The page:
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Qantas to cough up GST on unused tickets
Qantas to cough up GST on unused tickets

Qantas Airways says it is disappointed by the High Court’s refusal to allow it to claim back $34 million in GST payments on tickets that were never used.

However the airline says the judgment, delivered today, will have no financial impact on its balance sheet as it has already paid the $34 million to the tax office.

The High Court said the GST component on tickets Qantas sold for flights that were never taken, and where fares were not refunded to customers, had to be paid to the tax office.

The court determined Qantas had still provided a service to those customers and therefore owed the Australian Tax Office the outstanding GST.

The tax office claimed Qantas and its budget subsidiary Jetstar owed $26.6 million in GST collected on unused tickets, and that the flying kangaroo owed another $7.6 million on fares for which no refunds were ever claimed.

Qantas had argued that as it never actually provided the flights to those particular passengers, it did not owe the tax.

"Qantas is disappointed with the High Court’s decision,” the airline said today.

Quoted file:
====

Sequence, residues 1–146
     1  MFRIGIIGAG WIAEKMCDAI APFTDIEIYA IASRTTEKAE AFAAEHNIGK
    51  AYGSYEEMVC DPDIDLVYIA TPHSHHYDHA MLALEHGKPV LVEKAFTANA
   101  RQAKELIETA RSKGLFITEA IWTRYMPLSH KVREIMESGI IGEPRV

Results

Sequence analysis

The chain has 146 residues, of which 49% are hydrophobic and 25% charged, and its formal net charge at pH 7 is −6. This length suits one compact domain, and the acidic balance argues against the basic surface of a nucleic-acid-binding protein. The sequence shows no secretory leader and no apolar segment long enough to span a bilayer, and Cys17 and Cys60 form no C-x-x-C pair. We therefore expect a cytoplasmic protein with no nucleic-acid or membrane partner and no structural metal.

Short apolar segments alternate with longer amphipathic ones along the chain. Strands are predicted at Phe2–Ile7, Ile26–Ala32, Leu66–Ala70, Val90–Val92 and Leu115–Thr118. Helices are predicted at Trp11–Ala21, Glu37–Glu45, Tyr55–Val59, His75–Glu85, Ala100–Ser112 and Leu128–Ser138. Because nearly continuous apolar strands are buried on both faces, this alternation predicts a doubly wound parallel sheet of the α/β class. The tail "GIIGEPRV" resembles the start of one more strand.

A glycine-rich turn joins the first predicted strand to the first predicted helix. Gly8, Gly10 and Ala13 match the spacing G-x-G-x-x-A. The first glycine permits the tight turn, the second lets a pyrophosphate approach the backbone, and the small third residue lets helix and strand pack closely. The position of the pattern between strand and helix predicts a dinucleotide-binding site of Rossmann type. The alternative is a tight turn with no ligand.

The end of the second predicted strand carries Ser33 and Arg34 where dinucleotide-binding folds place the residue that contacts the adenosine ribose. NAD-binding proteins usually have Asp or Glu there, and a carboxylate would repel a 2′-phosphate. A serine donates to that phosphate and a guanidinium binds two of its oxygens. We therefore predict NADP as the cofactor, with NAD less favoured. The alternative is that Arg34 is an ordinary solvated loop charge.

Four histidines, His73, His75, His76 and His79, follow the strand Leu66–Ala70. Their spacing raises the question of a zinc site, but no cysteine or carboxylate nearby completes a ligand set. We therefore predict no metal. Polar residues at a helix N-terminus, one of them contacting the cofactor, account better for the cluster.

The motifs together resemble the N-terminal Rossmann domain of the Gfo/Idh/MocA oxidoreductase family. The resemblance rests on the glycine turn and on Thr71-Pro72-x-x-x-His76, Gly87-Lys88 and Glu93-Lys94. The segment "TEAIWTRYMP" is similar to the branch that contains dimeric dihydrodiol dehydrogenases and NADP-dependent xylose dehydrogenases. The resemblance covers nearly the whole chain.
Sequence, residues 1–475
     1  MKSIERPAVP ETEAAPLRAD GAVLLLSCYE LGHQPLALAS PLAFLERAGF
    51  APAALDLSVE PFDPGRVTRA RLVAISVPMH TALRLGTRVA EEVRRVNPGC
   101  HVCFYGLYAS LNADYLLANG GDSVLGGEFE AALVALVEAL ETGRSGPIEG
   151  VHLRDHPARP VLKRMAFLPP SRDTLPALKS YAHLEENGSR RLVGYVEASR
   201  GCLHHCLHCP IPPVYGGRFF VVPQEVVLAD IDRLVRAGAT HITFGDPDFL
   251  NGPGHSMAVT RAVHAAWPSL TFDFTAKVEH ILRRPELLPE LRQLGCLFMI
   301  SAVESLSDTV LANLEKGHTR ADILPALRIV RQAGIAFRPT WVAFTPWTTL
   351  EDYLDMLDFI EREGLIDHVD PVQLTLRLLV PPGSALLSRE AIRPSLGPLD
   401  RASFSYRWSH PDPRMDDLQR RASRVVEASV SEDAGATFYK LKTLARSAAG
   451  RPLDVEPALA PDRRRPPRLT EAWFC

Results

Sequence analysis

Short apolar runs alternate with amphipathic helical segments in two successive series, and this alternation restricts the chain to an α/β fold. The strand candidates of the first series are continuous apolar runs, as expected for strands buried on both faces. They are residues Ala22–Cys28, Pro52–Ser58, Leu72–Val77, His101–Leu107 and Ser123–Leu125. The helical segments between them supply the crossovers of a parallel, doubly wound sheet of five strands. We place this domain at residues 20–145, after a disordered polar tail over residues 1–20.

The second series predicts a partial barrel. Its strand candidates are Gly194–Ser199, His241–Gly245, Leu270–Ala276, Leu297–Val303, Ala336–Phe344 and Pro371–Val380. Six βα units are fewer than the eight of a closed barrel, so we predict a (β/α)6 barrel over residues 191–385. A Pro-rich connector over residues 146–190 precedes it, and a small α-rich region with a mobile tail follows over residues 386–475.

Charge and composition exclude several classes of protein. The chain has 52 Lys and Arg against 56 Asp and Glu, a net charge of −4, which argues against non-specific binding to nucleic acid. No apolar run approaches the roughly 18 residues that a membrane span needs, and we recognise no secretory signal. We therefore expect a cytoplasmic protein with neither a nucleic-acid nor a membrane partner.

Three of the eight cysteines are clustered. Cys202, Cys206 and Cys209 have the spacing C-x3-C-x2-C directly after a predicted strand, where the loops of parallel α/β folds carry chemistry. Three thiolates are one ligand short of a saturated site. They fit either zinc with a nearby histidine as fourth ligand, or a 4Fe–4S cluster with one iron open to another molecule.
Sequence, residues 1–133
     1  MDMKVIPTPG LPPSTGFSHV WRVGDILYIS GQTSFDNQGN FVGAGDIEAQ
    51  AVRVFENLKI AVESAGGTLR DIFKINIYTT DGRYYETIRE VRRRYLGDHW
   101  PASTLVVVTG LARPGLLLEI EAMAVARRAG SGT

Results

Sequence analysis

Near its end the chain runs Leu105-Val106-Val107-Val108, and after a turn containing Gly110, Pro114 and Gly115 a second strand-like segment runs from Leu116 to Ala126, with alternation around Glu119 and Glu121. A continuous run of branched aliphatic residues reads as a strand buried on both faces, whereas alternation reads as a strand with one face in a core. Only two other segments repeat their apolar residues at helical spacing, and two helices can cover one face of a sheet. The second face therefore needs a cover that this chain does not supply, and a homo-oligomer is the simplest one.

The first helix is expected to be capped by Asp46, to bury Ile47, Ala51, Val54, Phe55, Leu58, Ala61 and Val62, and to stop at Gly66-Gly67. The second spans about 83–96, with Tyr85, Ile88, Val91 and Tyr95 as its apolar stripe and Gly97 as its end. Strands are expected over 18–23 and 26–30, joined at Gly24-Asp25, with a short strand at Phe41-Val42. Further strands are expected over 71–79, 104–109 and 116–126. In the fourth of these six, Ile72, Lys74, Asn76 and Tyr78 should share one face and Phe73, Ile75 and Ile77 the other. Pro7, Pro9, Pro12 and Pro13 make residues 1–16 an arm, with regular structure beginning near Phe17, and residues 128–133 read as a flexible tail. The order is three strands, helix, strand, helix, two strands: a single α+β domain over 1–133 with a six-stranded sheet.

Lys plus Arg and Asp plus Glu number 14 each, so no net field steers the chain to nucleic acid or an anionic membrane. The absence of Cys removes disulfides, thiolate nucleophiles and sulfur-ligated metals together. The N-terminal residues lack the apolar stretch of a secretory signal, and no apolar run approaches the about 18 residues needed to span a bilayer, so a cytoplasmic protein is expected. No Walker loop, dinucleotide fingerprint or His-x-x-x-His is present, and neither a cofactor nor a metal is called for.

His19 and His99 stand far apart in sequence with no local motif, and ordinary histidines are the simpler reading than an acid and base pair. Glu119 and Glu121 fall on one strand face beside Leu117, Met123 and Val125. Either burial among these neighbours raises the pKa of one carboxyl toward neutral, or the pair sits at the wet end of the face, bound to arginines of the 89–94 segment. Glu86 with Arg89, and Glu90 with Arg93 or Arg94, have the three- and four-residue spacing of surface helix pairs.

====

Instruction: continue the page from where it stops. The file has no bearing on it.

"The decision will have no financial impact on the Qantas Group because the relevant GST has already been paid to the tax office."

In its judgment, the High Court said Qantas sold the flights on the basis that the airline would use its best endeavours to carry the passengers and their luggage.

"Consequently, even if the passenger did not actually travel, there was a taxable supply incurring GST liability,” the court said.

Qantas took legal action in a bid to have the tax office return the $34 million the airline had paid on tickets that customers never used.

It argued that because the flights were not taken, there was no taxable supply made.

After failing to resolve its dispute with the Australian Tax Office, Qantas took the matter to the Administrative Appeals Tribunal, which supported the Australian Taxation Office.

Qantas appealed, and the Federal Court of Australia came down on Qantas’s side.

The tax office then sought leave to have the matter heard by the High Court.

Qantas shares were three cents higher at $1.22 at 10.08am.